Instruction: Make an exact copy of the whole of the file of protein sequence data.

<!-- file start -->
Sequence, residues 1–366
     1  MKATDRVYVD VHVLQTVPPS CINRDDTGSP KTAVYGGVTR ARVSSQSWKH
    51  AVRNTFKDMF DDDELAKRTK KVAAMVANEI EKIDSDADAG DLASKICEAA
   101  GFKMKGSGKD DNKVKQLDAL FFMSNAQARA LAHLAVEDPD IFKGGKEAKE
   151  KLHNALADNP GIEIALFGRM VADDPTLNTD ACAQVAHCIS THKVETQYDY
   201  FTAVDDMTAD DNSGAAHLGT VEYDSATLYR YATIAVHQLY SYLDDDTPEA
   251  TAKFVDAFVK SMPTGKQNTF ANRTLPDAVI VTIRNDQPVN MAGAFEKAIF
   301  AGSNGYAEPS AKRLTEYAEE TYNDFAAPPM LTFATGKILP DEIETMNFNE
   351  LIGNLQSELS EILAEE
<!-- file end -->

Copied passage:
Sequence, residues 1–366
     1  MKATDRVYVD VHVLQTVPPS CINRDDTGSP KTAVYGGVTR ARVSSQSWKH
    51  AVRNTFKDMF DDDELAKRTK KVAAMVANEI EKIDSDADAG DLASKICEAA
   101  GFKMKGSGKD DNKVKQLDAL FFMSNAQARA LAHLAVEDPD IFKGGKEAKE
   151  KLHNALADNP GIEIALFGRM VADDPTLNTD ACAQVAHCIS THKVETQYDY
   201  FTAVDDMTAD DNSGAAHLGT VEYDSATLYR YATIAVHQLY SYLDDDTPEA
   251  TAKFVDAFVK SMPTGKQNTF ANRTLPDAVI VTIRNDQPVN MAGAFEKAIF
   301  AGSNGYAEPS AKRLTEYAEE TYNDFAAPPM LTFATGKILP DEIETMNFNE
   351  LIGNLQSELS EILAEE